Howard Shore A multi-millionaire banker and Tory donor  Raising £2 million for the Tory party sponsored David Cameron’s lavish £1,000-a-head Tory ball  in Feb 2011. Mr Shore will be one of dozens of super-rich bankers toasting the Government’s failure to make a major dent in their ­£7billion ­bonuses. 

RF Trustee Co - Several donors, but five of these belonged to the Fleming Banking Family.  Donated £1, 689, 500

Pierre Rolin - Credit Suisse  Mr Rolin gave £12,000 to the Tory Party in February last year, taking his total donations to £88,000. He also moved in the same circles as Boris Johnson, the London Mayor, giving Johnson's office the initial £80,000 capital for a study into the Olympic Park's new visitor attraction . Mr Rolin is currently being pursued through the courts by creditors for £43 million.

Prominent figures from the financial services industry - gave £500,000 (€574,838) to the UK's Conservative Party in the second week of the 2010 General Election campaign.

The coalition agreement that David Cameron and Nick Clegg brandished at us in the Rose Garden in downing Street included clear undertakings to take big money out of politics but there appears to be no sign of this happening. 

What my research reveals is the scale of the Conservative party’s reliance on a variety of City interests at a time when David Cameron has walked away from vital talks in the EU citing that he did this to protect the City.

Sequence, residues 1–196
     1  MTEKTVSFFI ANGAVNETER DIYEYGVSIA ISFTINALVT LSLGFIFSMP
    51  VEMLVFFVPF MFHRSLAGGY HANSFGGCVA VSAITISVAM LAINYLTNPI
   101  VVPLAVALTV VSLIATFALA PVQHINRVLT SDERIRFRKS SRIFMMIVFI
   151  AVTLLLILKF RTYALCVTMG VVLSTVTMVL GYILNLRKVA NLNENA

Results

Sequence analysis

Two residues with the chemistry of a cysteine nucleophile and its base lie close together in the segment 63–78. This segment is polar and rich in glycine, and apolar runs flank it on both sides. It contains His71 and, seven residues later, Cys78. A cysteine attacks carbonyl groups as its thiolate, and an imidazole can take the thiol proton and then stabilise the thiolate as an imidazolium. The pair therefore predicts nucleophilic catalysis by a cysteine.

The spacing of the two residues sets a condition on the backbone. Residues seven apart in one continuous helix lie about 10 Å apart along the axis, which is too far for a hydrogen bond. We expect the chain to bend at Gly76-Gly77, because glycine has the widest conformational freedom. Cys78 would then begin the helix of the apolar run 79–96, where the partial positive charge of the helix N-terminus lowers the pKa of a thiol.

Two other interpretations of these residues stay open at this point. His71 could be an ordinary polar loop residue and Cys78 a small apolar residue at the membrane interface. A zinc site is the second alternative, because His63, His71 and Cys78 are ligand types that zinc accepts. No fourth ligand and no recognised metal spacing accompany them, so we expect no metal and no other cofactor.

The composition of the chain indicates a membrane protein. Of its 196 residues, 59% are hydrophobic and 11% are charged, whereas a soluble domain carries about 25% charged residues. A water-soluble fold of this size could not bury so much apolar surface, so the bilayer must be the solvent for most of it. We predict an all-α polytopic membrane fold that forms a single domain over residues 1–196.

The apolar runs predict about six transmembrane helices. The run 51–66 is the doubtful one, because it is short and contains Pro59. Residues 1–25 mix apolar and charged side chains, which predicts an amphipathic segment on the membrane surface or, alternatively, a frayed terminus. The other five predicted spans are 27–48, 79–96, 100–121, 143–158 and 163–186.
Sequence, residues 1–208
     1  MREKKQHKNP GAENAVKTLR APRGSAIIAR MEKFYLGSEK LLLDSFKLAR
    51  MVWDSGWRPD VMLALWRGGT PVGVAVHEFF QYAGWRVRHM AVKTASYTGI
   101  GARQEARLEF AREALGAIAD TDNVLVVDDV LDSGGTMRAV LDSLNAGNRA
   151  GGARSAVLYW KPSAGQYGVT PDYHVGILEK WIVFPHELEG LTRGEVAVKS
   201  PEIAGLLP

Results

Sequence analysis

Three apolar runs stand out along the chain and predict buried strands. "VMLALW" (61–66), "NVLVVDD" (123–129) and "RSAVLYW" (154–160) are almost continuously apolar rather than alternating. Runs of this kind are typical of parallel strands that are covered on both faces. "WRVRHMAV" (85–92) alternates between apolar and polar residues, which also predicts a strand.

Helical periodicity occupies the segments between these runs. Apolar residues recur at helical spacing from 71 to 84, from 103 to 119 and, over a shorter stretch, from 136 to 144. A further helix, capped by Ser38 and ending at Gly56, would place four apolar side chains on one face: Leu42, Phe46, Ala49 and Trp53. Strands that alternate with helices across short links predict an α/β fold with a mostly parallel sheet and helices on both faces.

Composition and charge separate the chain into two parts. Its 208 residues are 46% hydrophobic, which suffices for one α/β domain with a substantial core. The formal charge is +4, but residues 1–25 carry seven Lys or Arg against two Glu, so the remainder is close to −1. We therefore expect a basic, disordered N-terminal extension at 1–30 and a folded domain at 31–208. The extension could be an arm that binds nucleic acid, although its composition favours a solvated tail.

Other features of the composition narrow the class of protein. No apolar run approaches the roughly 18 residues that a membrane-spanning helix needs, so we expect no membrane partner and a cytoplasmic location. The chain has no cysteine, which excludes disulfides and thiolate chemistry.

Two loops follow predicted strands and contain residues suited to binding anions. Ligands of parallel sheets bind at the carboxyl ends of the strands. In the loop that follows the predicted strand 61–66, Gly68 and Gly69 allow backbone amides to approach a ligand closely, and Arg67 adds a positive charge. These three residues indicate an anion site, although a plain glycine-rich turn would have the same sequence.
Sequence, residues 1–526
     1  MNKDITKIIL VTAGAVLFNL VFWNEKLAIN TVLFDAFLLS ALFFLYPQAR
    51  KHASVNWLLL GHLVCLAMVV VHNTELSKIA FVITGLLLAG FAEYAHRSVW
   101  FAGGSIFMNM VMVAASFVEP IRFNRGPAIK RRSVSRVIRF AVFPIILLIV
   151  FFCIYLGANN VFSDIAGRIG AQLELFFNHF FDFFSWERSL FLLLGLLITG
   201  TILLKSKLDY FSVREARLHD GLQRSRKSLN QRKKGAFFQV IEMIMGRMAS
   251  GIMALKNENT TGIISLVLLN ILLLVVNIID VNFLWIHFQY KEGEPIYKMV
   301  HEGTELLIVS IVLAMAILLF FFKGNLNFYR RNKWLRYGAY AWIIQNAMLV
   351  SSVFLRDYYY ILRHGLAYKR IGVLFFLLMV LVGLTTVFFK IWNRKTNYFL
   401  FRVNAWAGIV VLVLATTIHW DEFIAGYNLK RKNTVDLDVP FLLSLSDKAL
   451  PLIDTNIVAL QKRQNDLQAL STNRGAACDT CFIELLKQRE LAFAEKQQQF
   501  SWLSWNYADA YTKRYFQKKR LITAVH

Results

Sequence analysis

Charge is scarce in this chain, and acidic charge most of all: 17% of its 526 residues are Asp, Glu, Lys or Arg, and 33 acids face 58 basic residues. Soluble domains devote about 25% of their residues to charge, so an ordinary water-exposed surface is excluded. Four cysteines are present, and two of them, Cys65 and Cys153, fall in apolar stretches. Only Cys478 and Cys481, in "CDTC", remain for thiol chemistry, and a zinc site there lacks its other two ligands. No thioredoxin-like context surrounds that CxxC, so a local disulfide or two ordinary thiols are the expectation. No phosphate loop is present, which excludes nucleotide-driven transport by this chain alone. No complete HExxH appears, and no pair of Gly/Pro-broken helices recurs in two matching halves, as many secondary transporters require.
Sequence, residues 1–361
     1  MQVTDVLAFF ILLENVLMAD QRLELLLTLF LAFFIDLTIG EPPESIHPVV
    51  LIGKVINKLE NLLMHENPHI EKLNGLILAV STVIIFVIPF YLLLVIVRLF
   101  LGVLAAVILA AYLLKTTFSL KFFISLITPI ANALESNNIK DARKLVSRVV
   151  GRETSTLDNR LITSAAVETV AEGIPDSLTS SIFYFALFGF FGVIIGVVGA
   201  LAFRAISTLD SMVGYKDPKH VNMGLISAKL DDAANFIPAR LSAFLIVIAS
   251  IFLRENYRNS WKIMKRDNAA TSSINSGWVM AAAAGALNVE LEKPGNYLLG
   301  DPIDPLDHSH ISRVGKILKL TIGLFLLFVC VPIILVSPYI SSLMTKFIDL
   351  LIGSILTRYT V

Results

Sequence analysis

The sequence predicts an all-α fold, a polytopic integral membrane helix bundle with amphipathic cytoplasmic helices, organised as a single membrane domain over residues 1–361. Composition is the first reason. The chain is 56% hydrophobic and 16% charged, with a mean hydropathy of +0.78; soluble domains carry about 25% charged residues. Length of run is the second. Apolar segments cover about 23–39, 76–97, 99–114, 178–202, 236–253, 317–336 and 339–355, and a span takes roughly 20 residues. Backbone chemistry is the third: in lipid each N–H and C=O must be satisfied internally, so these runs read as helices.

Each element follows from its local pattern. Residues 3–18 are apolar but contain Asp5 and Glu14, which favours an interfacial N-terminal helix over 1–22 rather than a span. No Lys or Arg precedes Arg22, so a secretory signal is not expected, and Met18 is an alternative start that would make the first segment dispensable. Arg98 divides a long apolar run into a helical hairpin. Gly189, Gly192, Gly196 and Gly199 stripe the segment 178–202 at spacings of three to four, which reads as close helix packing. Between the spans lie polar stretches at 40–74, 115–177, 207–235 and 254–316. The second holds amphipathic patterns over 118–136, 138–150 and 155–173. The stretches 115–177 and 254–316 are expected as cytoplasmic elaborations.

Using analysis from the Electoral Commission and Companies House database, researchers found City donations to the 12 months to July 2011 accounted for 51.4 per cent of the £12.2million of funds received by Conservative Central Office.

Hedge funds, financiers and private equity firms contributed £3.3m - some 27 per cent - while 50 City donors paid over £50,000.
All contributors donating over £3million become members of the Leader's Group and qualify for face-to-face meetings with the prime minister.
The largest contributors acorss the business sector studied by the bureau was hedge funds which donated £1.38m (11.4 per cent). Three of the City's biggest name hedge fund bosses - Michael Farmer, Lord Stanley Fink and Andrew Law.
Since the coalition was formed in April 2010 the Tory party has received 292 separate donations of more than £10,000 each.

The Top 10 City Financiers Who Donate to the Tory Party.
NameSectorTotal Donated
1David RowlandFinancier£4,031,016
2Michael FarmerHedge Fund£2,973,850
3Stanley FinkHedge Fund£1,945,141
4Michael HintzeHedge Fund£1,235,000
5Paul Adrian BeecroftPrivate Equity£537,076
6James LyleHedge Fund£500,000
7Jonathan WoodHedge Fund£500,000
8Peter J HallInvestment Fund£493,540
9George M MaganBanker & Investment Fund£485,000
10Paul RuddockHedge Fund£465,000

In Europe, hedge funds are threatened by EU proposals this week to introduce a micro-tax on financial trades to raise cash for teetering economies. Campaigners fear as hedge fund tycoons are big donors to the Conservatives, they will use their influence on David Cameron and George Osborne to ensure that the issue of higher taxes is kicked into the long grass.
Central Office could yet be receiving more cheques from the Mayfair set.
This makes it easier to understand why David Cameron behaved as he did. He and the Conservative government are heavily compromised and have far too many people to pay back for their  very mediocre "victory" at the 2010 general election.
David Cameron's supposed victory that had the jingoistic right of his party clapping and cheering and plotting their next move to have the UK exit from the EU at the cost of over 3 million British jobs suddenly feels like  pyrrhic. victory